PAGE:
For the half-year to 31 December 2014, the IPKat's regular team is supplemented by contributions from guest bloggers Rebecca Gulbul, Lucas Michels and Marie-Andrée Weiss.

Regular round-ups of the previous week's blogposts are kindly compiled by Alberto Bellan.

Tuesday, 30 October 2012

Are you paying someone to do this?

The IPKat spends a good deal of time, as has been mentioned in the past, deleting spam, junk, phoney comments, irrelevant and unsolicited advertisements and feeble attempts at search engine optimisation.  He has just received yet another one, purportedly from a patent attorney who, according to his website, also practises in the fields of "personal Injury, car accident, construction, accident, drunk driving, accident, wrongful death, slip and fall, pedestrian accident, taxi accident,  premises liability".

This is what the Kat, moderating readers' comments, found among the unmoderated comments awaiting him this evening:
attorney-online.info has left a new comment on your post "AIPPI calls for CJEU status quo in unitary patent ...":  
I like your legal articles, especially ones regarding patent law, copyright etc. Patent law issues are very complicated, but you make them absolutely clear. If you are a practicing patent attorney, please submit you contacts to my attorney directory. I invite there only best lawyers and make detailed descriptions about their services and practice areas. For example, look at the category with NY patent attorneys http://attorney-online.info/dir/patent/new_york/947 I wish more people to be listed there to provide a good choice for people who need high quality legal services. 
This Kat has no idea whether the patent attorney in question has sought to post this comment beneath the post in question, or indeed whether he does indeed practise in all those areas.  Nor does he know whether the advertisement is intended to promote the attorney in question or Attorney Online (which, when the IPKat visited its primarily US-oriented website, was also carrying an advertisement for a substantial English law firm, Irwin Mitchell) . What he does know is that, on occasions in the past when he has contacted individual lawyers or law firms whose names have been linked to text of this nature, they invariably disclaim any knowledge of such material and insist that they certainly never authorised it. Curiously, after the Kat has expressed his indignation, the unwanted posts cease with immediate effect.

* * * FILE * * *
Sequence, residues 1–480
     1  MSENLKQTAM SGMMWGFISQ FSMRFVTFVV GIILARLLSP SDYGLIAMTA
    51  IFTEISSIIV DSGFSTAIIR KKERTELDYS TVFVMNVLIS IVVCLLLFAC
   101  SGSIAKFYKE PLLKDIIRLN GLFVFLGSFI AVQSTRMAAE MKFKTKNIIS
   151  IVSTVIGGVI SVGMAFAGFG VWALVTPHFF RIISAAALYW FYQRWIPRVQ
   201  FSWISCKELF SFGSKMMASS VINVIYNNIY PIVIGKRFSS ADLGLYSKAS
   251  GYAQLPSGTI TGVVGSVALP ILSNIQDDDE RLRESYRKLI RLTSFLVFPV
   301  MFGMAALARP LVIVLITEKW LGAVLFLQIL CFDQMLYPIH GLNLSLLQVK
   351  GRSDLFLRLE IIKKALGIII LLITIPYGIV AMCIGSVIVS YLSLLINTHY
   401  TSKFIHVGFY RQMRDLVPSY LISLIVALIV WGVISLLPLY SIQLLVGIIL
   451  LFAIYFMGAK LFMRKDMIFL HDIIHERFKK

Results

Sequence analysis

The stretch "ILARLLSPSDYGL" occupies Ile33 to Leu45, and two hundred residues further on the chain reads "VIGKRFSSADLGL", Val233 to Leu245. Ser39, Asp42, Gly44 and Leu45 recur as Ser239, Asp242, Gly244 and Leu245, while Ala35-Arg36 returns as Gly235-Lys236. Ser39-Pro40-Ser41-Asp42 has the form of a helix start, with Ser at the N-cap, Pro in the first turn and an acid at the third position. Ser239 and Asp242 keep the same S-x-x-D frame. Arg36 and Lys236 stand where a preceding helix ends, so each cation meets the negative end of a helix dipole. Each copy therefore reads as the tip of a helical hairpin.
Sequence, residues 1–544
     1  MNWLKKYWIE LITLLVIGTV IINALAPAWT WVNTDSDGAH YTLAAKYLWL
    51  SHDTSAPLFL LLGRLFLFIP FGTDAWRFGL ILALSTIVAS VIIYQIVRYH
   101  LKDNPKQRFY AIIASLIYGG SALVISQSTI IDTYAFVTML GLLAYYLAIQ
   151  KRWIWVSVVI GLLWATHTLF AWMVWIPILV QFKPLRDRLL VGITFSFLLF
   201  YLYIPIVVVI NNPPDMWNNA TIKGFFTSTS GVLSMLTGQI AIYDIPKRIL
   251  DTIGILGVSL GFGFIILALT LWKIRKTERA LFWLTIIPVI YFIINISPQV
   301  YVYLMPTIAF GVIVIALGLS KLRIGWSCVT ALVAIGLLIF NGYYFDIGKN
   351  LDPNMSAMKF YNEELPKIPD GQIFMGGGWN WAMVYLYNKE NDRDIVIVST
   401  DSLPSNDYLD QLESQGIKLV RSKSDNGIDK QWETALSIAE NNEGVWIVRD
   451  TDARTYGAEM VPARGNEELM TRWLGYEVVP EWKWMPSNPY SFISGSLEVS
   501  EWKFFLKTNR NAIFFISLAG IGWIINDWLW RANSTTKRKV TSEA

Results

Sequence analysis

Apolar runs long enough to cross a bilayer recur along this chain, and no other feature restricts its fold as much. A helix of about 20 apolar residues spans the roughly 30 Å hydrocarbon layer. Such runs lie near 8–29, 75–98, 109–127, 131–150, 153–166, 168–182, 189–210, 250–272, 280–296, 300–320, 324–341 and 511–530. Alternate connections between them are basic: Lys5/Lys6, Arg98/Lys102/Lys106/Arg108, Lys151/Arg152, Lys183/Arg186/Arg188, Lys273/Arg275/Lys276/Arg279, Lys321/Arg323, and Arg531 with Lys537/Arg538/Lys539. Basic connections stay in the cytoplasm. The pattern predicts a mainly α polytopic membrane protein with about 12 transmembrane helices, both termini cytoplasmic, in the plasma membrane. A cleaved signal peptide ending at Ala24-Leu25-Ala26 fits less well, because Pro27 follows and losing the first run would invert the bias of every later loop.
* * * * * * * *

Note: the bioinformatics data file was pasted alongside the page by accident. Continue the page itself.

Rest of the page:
Someone must be doing this, since it these comments are unlikely to be entirely self-generating  -- and someone is presumably getting paid for doing it.  Moreover, someone expects to get the benefit from it.

This Kat has occasionally seen, and indeed received, advertisements offering excellent pay to anyone willing to do some "writing for the internet" from the comfort of their own home, with no previous experience or qualification required.  Are the people who answer those advertisements the same people who are writing and attempting to post material of this nature in an attempt to raise the web profile of an SEO client?  Or merely seeking to gain some free advertising? It would be good to know.

3 comments:

Gibus said...

This site has been registered by:

Name:Kemskyj Sergij Oleksandrovych
Street: Zhovtneva st. 50a-10
City: Korosten
State/Province: Zhytomyr Oblast
Postal Code: 11500
Country: Ukraine
Phone: +380.983422723
Email: kemskiy@gmail.com

That is the only public answer. His means, motivation or employment have to be asked or guessed.

A robot can have easily been used, crawling the web for expression "patent law" for eg.

Ads seem to come from googleAds. It can be guessed that it is a way to earn some quick money everytime someone click on them.

Remember the Telecoms Package, voted by European Parliament in 2009? Beside the famous amendment 138, there were some provisions against spam:

"Article 15 3. Member States shall take appropriate measures to ensure that unsolicited communications for the purposes of direct marketing, in cases other than those referred to in paragraphs 1 and 2, are not allowed either without the con­ sent of the subscribers or users concerned or in respect of subscribers or users who do not wish to receive these communications, the choice between these options to be deter­ mined by national legislation, taking into account that both options must be free of charge for the subscriber or user."

How has this directive been implemented in UK?

Jeremy said...

@Gibus: thanks so much for your very helpful comment. I believe that the UK is up-to-date with its telecoms implementations. The problem, though, is how to achieve effective enforcement ...

Anonymous said...

Unfortunately, by linking to the quoted page in your blog post, you are boosting the ranking of that page in search engines by implicit endorsement from a high-traffic, highly-rated blog. You are also likely driving eyeballs to that page. This, ultimately, is what the spammers want, and, in truth, now seem to have achieved.

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